Oct 042015
 

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September was one of the most eventful months of the year so far – which involved moving house, and being without internet for two weeks, and a short holiday in New Zealand – and this resulted in limited opportunities to write. You will have seen a recent absence of content on the site, apologies for that we’ll be back shortly. Without the internet and the ability to stream, I didn’t have too many viewing options at home, so I decided to re-watch some of my blu-rays. I also caught ten films at the Sydney Underground Film Festival, which made up a majority of my cinema viewing, in addition to a select few regular releases we prioritised around our busy packing/moving schedule. Check out my quick thoughts on all of the films after the jump (ranked by preference):

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Theatrical Viewing

Sicario (x2) – I love all of Denis Villeneuve’s films, so I had high expectations. Go into this knowing nothing. Troubling off-the-grid dirty war descends into uncompromising darkness. Performances from Blunt, Del Toro and Brolin and nerve-shredding soundscape incredible. Holds up well on a second look too. (4.5/5)

Ricki and the Flash – Family drama with spunk and genuine feeling, Demme and cast nail the music and the relationships. Always have time for this brand of ‘feel-good’. (4/5)

The Gift – Nifty thriller offers more than creep-stalker unease; unaccountable elitist bullying and a dormant past rallying against. Bateman is unreal. There are many striking shots (Bateman in the drive looking back at Edgerton in the house, whoa), and a thoughtful approach to the filmmaking (throwing in jump scares to ensure you remain on edge, but thankfully not relying on them). And there is a complexity to the performances – especially Bateman. Look out for how he holds a knife & fork in one scene. (4/5)

Love 3D – Reviewed (3.5/5)

The Black Panthers: Vanguard of the RevolutionFeels like it just scratches the surface, but it is a busy, energetic tribute. Wonderful images. (3.5/5)

The InternSuch a nice film, I really enjoyed it. Nancy Meyers hit my soft spot (again). De Niro and Hathaway work so lovely together, and despite some silly moments it is never as cloying as you might expect. (3.5/5)

All the Time In The World – Sweet. Beautifully photographed season-time. Subversive venture, discipline and innovation the admirable traits. (3.5/5)

Call Me Lucky – Wow, this changed gear quickly. Intimidating comedy pioneer shares tragic past – still uses stage for comedy, but also political activism and to build abuse awareness. (3/5)

Fassbinder: To Love Without Demands – Late-life interviews reveal plenty about the political and personal inspirations of the prolific filmmaker. (3/5)

Everest – Cast improve (though their accents don’t) as peak pressures hit hard; location obvious star. Technically convincing and nails big drama, often let down by script. The ’96 Everest tragedy was devastating – film captures gruelling opposition of merciless nature and human willpower. There are interesting characters and venture politics, but a lot is unfortunately sidelined for the purposes of an accurate ‘re-telling’ of events. (3/5)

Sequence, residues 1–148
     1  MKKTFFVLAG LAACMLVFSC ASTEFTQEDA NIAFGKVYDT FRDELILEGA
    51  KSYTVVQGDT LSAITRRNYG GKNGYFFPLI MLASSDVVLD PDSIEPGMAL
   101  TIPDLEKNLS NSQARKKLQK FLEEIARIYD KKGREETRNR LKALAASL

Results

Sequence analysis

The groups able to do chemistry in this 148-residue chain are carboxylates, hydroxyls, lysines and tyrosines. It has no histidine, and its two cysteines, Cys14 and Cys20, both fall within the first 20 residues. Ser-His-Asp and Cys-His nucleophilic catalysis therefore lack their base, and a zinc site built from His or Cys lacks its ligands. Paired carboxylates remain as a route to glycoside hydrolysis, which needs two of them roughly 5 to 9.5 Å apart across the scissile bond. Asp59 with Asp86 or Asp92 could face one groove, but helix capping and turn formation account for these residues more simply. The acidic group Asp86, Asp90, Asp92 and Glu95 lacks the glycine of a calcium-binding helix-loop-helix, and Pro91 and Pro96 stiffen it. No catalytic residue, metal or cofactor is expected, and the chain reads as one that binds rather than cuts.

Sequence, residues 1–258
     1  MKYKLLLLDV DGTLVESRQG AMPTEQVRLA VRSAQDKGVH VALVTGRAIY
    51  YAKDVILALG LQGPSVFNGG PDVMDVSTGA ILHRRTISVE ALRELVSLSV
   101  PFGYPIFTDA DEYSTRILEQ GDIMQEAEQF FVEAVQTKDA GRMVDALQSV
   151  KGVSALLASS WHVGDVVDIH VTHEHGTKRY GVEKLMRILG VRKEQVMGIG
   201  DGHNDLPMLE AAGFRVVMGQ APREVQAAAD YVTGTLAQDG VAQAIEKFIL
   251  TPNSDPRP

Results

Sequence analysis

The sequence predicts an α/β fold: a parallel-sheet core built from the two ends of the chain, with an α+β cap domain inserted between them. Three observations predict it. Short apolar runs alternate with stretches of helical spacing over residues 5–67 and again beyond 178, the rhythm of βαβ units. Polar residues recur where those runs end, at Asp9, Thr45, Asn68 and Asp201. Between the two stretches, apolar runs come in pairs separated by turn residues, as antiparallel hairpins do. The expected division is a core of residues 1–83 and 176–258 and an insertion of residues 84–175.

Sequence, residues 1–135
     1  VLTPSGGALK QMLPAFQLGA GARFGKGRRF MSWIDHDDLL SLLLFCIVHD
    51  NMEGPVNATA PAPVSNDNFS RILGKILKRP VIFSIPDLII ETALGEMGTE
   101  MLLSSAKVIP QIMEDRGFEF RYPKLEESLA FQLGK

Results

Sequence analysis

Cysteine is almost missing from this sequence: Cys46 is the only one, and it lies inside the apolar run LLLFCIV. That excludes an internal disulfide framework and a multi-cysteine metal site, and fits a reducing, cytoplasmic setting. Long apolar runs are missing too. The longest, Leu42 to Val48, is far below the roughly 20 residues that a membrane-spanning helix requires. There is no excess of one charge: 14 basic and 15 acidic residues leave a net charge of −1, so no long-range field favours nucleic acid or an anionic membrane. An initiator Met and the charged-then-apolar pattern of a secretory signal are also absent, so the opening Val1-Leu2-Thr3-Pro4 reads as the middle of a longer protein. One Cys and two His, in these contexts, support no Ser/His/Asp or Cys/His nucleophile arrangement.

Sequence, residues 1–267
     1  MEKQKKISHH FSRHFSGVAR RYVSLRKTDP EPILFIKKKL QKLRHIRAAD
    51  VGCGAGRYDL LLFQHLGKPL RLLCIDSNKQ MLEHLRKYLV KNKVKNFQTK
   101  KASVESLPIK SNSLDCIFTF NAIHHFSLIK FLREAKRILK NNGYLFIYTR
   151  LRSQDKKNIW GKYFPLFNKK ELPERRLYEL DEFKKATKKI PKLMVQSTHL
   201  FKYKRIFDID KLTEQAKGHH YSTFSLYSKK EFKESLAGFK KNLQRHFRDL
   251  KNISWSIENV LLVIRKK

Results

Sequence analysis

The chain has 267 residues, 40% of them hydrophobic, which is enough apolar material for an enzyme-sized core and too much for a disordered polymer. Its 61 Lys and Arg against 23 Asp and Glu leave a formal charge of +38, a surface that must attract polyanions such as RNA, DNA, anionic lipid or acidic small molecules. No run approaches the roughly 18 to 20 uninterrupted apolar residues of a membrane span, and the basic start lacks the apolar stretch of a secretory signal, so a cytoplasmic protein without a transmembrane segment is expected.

Jesus Town, USA – Entertaining, but questionable as a doco as eccentric characters become scripted pawns in Easter scripture pageant drama. (2.5/5)

Hellions – Promising start, but abandons time/space logic for flair. Messy narrative leaves too many questions. Music erratic but the most interesting element, for sure. (1.5/5)

Knock Knock – Though his younger co-stars are rather good, Keanu gives a truly awful performance to rival Nic Cage in The Wicker Man in this abysmal, woefully misjudged subversion of Funny Games/Wild Things that fails to progress its idea beyond the first act. (1/5)

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Heaven Knows What – Raw, uncomfortably real/biographic study of addiction and dependency. Musical bursts punctuate constant desire to ‘escape’. Well-received at various international festivals, and now available on VOD. (3.5/5)

Along Came Polly – “Let it rain!” Seymour Hoffman was scene-stealingly hilarious in this pretty by-the-numbers, but rather relaxedly charming, rom-com. (3/5)

Child 44 – Perfectly watchable whodunit thriller with a hefty, intriguing plot. Though lengthy, dour and plodding at times, Hardy’s very good. (2.5/5)

Waterworld – The action sequences are impressively chaotic and layered, it has non-CG scale, but I could have lost that long boring middle chunk. (2.5/5)

Fast & Furious 7As ridiculous as expected – the stunts are insane, yes! – but not really that fun. Appalling script. (2.5/5)

Just Wright Pleasant, but very goofy. Rides Queen Latifah’s charm all the way. As an NBA fan, believing that Common was the starting PG for the New Jersey Nets (who don’t exist anymore) was a far enough stretch, but when he hears about the fact that management is considering letting him go from a player on a rival team I switched off. I knew where it was going, anyway. (2/5)

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Re-watches

Sorcerer – My defence of The Wages of Fear, which I consider one of the greatest films I have ever seen and only slightly superior, is getting flimsy. What an incredible achievement. (5/5)

Jurassic ParkThe Goldblum. THE 90’s blockbuster. (5/5)

Why Don’t You Play in Hell – (4.5/5)

The Bourne Ultimatum – (4.5/5)

The Breakfast Club – (4/5)

Scream – (4/5)

The Incredibles – (4/5)

Drug War – (4/5)

Kids – (3.5/5)

The Green Hornet –  (2.5/5)

TV

Scream Queens – Only watched the pilot, but I thought it was a lot of fun. Hit the spot for unique reasons. Needed the switch-off fun – wildly inconsistent but lots of jokes connect, mass-killer mystery hooks. Will continue. (3.5/5)

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